As humans, we seem to be pretty good at visual comprehension. Many of us can pick out features or highlights from complex visual representations. You know this works so I won’t try to convince you with the minutiae of visual science. It is worth noting that in many instances, having a key focal point or set of points helps to filter out noise from subject. In the case of data visualization, we want to ensure that the insight we are sharing does stand out and that observers can see what we saw when it was created.
Very Well Formed Visualizations
One of the runner-ups in the ‘Information is Beautiful’ World Data Visualization Prize shows how complexity can be brought to its knees without losing the idea being presented. In the realm of slightly absurd but fun, check out FlowingData’s map of the Best Breweries in the U.S.
Here is a snapshot of that: It can safely be said that the brewery map information is well-represented and that we can glean what the its creator meant to show us in a glance.
Another example, yet significantly more complex is this interactive viz of the world’s biggest hacks and breaches’
The Great Gapminder Visualization (with Plotly)
This is a world-famous visualization conceived by Hans Roesling (July 1948 – February 2017) which he gave at a seminal Ted talk. It shows how you can impart insights using highly relevant data in a simple form and allow interaction with it. This is done with Plotly but can also be done with Dash which we cover in a future course.
The Gapminder visualization below is live. You can grab stuff and play with it.
Simpler Graphs and Plots
We can build plots like this from garden variety datasets and use open-source tools such as the Python Plot.ly API to visualize with.
Plotting Libraries You Should Get to Know
So far in the Amateur Data Science Course, we have used just 1 or 2 plotting libraries. One from Matplotlib and another Seaborn which integrates with matplotlib. What we will be covering in Track-3 : Visualization, are the following libraries:
- Matplotlib – Goto basic plotting with Python
- Seaborn – Matplotlib with extensions for statistical plots
- Plot.ly – Extensively outfitted, open Source plotting API
What we should hope to learn in Track-3:Visualization is how to use some of the most widely used plotting libraries in data science. We will see what fits our project needs, look at the pro’s and con’s of each while working with real-world data. In my own experience, it looked daunting at first but once you get some experience, you will see how easy it is. You can stack knowledge on top of that foundation until it is second nature.
With each library except Matplotlib and Seaborn (included in Anaconda Distribution) , you will have to install the packages into your environment. Included in the track sections will be detailed installations. We can test to make sure you got them in correctly.
Matplotlib, Seaborn and Plotly will run fine in a Jupyter notebook. This course centers around Jupyter since it is so easy to share working notebooks online.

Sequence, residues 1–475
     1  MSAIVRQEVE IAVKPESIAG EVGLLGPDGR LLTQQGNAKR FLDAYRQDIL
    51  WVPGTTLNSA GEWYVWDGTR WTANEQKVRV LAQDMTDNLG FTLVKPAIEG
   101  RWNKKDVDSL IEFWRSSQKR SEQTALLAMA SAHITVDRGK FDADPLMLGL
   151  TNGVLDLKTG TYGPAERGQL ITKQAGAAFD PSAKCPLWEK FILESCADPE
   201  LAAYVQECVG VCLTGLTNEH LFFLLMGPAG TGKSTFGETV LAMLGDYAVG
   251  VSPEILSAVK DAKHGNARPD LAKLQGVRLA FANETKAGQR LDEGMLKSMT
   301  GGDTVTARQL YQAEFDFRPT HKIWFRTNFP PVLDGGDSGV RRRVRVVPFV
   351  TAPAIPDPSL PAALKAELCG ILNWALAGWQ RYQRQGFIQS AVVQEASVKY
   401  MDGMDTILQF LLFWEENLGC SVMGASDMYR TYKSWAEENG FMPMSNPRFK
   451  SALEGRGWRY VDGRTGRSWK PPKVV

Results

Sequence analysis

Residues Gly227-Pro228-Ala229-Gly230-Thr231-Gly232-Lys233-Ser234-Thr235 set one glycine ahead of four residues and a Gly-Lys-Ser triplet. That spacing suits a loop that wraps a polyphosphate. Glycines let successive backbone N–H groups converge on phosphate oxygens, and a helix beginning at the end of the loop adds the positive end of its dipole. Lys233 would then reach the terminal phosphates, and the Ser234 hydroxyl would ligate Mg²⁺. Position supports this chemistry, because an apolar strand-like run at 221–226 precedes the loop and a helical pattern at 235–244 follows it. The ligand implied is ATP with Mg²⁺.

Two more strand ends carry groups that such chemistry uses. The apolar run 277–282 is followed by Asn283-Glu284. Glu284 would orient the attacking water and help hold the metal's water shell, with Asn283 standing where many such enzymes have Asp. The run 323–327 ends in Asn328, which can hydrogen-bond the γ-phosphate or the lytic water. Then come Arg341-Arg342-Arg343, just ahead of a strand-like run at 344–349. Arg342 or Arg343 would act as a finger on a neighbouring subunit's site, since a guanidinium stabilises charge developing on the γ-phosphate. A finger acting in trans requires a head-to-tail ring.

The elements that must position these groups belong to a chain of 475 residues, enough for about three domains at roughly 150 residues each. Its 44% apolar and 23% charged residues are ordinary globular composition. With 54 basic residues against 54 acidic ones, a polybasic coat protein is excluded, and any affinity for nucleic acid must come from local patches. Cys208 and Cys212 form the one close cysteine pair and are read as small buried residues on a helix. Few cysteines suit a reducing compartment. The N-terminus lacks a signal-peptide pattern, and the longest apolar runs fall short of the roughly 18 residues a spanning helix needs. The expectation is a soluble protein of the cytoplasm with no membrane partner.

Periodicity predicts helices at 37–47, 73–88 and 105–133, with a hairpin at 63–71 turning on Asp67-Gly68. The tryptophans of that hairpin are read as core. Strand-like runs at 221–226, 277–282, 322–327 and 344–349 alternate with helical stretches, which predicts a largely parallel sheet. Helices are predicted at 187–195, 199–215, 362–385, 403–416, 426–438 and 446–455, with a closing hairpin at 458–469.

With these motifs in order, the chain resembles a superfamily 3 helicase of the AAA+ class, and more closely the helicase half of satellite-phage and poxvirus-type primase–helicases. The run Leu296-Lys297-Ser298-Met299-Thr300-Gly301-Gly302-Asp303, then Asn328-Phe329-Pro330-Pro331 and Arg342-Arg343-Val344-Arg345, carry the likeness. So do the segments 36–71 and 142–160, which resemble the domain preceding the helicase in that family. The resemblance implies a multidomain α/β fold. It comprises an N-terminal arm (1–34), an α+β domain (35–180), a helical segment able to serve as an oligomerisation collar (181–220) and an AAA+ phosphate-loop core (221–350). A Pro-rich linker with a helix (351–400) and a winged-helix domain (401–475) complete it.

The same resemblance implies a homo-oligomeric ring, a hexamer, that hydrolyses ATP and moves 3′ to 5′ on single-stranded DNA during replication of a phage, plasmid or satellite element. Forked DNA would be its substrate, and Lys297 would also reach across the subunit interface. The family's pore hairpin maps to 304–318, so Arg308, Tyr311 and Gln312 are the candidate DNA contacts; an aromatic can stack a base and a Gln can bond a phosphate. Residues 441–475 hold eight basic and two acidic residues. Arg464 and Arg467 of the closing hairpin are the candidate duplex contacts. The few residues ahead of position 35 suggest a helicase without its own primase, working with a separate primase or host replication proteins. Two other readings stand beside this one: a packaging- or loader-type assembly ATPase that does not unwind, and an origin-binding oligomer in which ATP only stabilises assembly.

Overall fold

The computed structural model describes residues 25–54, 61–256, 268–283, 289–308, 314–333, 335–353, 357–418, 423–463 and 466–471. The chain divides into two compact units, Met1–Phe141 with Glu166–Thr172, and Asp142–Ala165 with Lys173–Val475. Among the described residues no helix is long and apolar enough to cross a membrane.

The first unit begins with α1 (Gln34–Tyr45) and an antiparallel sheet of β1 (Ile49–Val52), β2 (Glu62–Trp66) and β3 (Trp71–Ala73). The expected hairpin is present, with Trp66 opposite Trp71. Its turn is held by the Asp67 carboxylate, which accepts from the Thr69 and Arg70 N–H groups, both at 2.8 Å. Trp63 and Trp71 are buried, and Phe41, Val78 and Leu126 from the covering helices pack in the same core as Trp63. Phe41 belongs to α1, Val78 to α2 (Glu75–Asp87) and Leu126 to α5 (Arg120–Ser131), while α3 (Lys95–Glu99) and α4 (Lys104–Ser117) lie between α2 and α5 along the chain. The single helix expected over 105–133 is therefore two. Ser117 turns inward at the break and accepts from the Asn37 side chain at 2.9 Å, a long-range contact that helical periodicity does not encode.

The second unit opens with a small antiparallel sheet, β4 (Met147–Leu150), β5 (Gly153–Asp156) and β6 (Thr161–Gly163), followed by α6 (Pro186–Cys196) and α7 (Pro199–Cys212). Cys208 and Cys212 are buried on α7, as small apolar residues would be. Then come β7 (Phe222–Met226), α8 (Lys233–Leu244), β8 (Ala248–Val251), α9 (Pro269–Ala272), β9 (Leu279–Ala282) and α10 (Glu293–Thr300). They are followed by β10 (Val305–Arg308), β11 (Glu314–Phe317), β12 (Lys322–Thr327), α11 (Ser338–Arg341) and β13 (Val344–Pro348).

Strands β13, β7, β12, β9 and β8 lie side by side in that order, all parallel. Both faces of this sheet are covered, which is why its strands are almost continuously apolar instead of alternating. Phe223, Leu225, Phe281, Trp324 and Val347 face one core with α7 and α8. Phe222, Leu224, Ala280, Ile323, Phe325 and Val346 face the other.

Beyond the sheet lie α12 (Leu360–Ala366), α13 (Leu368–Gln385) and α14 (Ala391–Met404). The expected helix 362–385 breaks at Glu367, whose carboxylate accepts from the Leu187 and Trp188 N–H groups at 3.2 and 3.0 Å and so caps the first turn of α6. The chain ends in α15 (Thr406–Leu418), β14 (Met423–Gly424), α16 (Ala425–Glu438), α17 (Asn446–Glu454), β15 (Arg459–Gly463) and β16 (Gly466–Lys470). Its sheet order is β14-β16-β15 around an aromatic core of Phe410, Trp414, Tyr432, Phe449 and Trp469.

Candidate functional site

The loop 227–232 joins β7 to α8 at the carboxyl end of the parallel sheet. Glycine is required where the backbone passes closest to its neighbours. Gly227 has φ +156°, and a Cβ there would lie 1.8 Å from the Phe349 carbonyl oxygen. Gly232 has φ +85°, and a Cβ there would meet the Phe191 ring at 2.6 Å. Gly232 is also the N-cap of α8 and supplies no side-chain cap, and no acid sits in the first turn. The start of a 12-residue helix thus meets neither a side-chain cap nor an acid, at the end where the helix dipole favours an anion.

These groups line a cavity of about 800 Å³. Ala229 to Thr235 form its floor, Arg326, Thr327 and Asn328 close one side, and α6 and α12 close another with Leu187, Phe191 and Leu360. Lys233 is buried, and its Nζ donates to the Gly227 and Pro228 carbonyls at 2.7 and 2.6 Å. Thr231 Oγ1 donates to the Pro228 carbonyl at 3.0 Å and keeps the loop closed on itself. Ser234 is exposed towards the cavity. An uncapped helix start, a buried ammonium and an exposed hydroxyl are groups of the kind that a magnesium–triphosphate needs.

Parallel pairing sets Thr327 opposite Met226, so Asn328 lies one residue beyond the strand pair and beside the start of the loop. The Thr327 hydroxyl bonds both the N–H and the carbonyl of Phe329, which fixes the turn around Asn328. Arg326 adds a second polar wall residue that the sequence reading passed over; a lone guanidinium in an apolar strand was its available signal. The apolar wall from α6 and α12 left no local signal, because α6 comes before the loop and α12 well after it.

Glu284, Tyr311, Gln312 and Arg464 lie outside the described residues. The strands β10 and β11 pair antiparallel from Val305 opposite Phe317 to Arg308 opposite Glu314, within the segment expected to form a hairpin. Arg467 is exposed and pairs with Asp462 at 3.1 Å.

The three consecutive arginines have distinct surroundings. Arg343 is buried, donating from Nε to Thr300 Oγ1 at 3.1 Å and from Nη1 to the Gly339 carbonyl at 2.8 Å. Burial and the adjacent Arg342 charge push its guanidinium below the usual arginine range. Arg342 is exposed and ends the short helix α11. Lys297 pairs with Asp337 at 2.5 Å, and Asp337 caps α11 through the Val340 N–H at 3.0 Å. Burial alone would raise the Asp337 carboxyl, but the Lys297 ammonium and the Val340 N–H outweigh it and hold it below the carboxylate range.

In my experience, I found that once I wanted to write a visualization with Python and I knew it was going to use one of the libraries in my list, I searched around and found many Medium posts, Kaggle kernels, github repos, stackoverflow questions and YouTube videos on that general subject. This helped me to concentrate learning using shared knowledge and experiences of other developers and data scientists. Sometimes the post was over my head and others right in my wheelhouse. That is not to say you won’t run into the same problem, but I found it to be motivating for what started out seeming like a monumental task only to find that I was not alone. This really helps and I will refer to many of these sources in posts that go along with the course tracks and sections.
Time To Hit It Hard
Well, I never said it would easy but if I could do this, so can you. The visualization track is going to be one of the deepest so far and you can expect to get lost in some of it pretty quickly. Don’t give up. The videos and notebooks will keep you above water and you will eventually swim out on your own.
Watch for references to supporting posts outside the course and prepare to spend time reading other people’s code on the various visualization framework example pages. This is very helpful. Kaggle is great for that since code-side commenting is very liberal. I wouldn’t have gotten very far without cutting and pasting example code into a notebook and trying it out. There is no shame in re-using that code because that is what the creators of these frameworks want us to do. Once you understand it, modify it. You are essentially paying homage to the framework creators by using the framework.
If you come up with something cool, don’t forget to push it to your Github repo. Eventually, someone else is going to be searching for just what you have been working on more than likely they will fork and mod it themselves.
The discord channel will be a great place to exchange contextual knowledge about this track with co-learners. I will also lurk there to assist. You will be pleasantly surprised at how well this kind of collaborative environment works when you are slogging through a difficult stage of your learning. You will not be alone. Others may have already solved something you are just now encountering and you may find yourself doing the same for others. That is the power of open-source collaboration. Where would we be without it?